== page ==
Finance Basics: Dollar Cost Averaging

Investing seems intimidating to so many young people. Many don’t even begin, because they believe they don’t have enough saved up to really make an impact. Others worry about the potential risks in the stock market, focusing on the potential downsides without ever taking part of the upsides.

Fortunately, there is an investing strategy which not only makes it possible to start sooner, but also helps reduce the risk of buying high and selling low. It’s called Dollar Cost Averaging.

You might have already used this strategy in a 401k, or even in your own savings. The concept is that at regular intervals, you invest a certain amount of money.

For instance, many 401ks are set up to take a certain amount of money out of each weekly, bi-weekly, or monthly paycheck. Or, you might have your bank account set up to automatically transfer a certain amount of money each week away from your checking, and into your savings account.

Photo by Mathieu Stern on Unsplash

Lower Threshold

This strategy works great when used with index funds because you don’t need a lot of money to buy into an index fund.

How would this look?

Let’s say you decide you want to invest $50 per week in an index fund. Each Friday you would put the money into your investment account, and purchase the fund. It’s only $50, or less than $10 per day, so it’s definitely achievable.

By simply doing this, you’ll have taken part in the growth of the economy for much less than the thousands it would cost to create your own investment portfolio. If you did this for one year, you would have put aside $2,600 – on your way to a sophisticated portfolio!

Again, you don’t need much to put Dollar Cost Averaging to work. Just a small amount of money invested at regular time intervals.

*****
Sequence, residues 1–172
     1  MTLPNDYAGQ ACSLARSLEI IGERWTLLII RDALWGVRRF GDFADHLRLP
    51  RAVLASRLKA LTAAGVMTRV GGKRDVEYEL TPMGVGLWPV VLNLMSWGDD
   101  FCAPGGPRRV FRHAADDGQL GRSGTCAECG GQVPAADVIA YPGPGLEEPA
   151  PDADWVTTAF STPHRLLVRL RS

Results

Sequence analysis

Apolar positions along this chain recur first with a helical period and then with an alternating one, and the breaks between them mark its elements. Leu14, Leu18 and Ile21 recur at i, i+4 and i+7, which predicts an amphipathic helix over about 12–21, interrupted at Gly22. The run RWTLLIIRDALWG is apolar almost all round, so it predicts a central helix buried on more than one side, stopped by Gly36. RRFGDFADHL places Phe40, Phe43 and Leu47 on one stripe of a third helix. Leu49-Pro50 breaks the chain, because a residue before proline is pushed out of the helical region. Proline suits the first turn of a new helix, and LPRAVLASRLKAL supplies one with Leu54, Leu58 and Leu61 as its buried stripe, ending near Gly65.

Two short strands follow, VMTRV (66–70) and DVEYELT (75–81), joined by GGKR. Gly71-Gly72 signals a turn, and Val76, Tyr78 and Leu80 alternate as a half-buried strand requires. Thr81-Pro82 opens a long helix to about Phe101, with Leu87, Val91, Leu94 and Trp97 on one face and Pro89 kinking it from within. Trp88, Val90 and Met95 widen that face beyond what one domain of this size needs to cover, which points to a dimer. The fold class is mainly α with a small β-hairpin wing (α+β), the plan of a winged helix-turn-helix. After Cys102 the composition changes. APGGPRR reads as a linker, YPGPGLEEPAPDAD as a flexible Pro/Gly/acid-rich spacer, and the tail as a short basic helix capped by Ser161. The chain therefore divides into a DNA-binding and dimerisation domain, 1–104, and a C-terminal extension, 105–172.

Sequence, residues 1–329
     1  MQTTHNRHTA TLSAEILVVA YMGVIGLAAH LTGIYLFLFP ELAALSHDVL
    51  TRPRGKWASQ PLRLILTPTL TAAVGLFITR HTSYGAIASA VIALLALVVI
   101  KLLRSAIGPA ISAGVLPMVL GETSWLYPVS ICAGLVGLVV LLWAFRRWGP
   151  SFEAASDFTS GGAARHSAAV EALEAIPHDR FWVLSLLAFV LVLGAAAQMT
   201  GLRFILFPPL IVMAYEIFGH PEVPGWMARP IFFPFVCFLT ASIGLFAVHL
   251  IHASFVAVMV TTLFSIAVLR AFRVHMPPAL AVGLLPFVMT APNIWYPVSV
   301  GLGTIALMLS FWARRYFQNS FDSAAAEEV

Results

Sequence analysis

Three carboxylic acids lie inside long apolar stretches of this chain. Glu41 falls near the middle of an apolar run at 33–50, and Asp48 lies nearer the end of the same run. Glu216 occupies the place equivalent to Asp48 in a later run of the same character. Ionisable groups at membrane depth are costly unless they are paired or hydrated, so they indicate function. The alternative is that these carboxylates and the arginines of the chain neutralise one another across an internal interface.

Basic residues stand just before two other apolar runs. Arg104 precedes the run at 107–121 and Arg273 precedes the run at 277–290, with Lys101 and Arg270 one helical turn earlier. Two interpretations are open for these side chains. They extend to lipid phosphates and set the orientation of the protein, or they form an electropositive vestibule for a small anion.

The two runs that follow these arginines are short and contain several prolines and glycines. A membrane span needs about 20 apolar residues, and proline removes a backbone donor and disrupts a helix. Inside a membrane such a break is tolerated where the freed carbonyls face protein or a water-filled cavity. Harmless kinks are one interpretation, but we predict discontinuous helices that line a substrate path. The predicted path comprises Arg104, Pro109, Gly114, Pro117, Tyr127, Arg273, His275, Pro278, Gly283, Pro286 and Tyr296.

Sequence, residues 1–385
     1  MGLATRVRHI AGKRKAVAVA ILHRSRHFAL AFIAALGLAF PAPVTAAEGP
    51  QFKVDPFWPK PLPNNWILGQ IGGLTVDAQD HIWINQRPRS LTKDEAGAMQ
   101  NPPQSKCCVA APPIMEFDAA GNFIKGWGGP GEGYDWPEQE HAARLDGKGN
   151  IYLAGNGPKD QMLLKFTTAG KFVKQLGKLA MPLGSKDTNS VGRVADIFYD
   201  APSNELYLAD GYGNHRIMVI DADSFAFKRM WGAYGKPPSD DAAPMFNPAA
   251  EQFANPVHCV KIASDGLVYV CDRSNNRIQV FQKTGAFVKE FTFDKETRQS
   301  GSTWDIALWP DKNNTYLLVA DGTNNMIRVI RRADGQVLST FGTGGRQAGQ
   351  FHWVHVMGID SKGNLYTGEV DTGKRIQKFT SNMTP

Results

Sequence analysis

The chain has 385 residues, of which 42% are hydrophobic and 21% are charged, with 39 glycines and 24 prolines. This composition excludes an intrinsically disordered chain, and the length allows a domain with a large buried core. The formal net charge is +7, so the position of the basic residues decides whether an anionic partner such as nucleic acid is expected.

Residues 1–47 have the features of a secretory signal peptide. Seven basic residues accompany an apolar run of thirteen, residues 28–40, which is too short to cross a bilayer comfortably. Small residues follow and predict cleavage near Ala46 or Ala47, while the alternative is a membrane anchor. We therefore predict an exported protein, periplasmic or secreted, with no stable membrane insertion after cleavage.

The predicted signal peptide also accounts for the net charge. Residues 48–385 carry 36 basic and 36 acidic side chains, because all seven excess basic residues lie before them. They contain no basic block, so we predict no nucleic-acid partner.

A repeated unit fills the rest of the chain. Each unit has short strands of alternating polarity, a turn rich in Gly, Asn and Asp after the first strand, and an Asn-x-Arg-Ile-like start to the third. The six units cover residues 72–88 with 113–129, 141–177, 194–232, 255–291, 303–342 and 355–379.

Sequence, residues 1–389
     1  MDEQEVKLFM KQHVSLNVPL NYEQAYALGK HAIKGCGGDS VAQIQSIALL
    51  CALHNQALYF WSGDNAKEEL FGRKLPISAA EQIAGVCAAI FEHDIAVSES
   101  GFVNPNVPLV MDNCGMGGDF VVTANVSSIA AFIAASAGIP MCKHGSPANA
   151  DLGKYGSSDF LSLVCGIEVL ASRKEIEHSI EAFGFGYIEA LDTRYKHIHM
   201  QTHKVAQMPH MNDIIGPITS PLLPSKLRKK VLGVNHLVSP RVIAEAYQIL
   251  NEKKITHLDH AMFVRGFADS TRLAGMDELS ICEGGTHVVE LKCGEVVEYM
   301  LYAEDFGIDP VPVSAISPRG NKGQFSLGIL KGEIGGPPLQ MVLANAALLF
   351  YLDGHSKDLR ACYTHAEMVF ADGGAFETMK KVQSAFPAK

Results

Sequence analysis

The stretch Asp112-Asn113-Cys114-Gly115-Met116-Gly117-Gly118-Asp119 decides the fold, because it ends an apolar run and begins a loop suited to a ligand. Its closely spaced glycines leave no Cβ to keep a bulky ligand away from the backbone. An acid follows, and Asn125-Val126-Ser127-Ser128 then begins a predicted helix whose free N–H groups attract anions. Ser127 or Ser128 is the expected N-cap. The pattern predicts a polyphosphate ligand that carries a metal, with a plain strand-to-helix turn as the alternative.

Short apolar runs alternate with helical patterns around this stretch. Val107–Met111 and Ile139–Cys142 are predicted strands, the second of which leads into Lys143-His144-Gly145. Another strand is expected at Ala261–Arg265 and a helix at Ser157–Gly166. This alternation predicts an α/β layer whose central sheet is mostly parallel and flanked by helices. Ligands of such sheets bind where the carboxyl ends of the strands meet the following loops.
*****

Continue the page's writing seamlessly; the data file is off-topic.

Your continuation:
Less Risk

On top of this, by doing this regularly, and not trying to time the market, you will end up protecting yourself from the ups and downs that plague many stocks!

Let’s take a look at this example. June decided to invest $100 each month into an index fund. As you can see, the stock went up and down. We’ll also compare it with how much she’d have if she’d invested it all at once, or if she had just kept it all in cash:


Month 1

Month 2

Month 3






$300 in cash

All at once

Index Fund: $10/share

Purchase: 30 shares for $300

Index Fund: $8/share

Index Fund: $12/share

30 shares @ $12/share = $360

Dollar Cost Averaging

Index Fund: $10/share

Purchase 10 shares for $100

Index Fund: $8/share

Purchase: 12.5 shares for $100

Index Fund: $12/share:

Purchase 8.33 shares for $100

30.83 shares @ $12/share = $369.96


As you can see, this example only covers 3 months, and Dollar Cost Averaging is already ahead! Imagine how much more effective it will be over the course of a year. Or what if you consistently invested over the course of 10 years?

Why does this work?

The market will always experience ups and downs. Dollar Cost Averaging takes advantage of those times when the market is down to purchase more shares. Then, when the market is up, you’ll have a greater portion of shares, and thus greater wealth.

Ready to put this strategy to work for you? Sign up for a FREE Bronze Account today and speak with a licensed financial advisor. Remember, knowledge is only potential power. Real power comes from the ability to act on it.

Add comment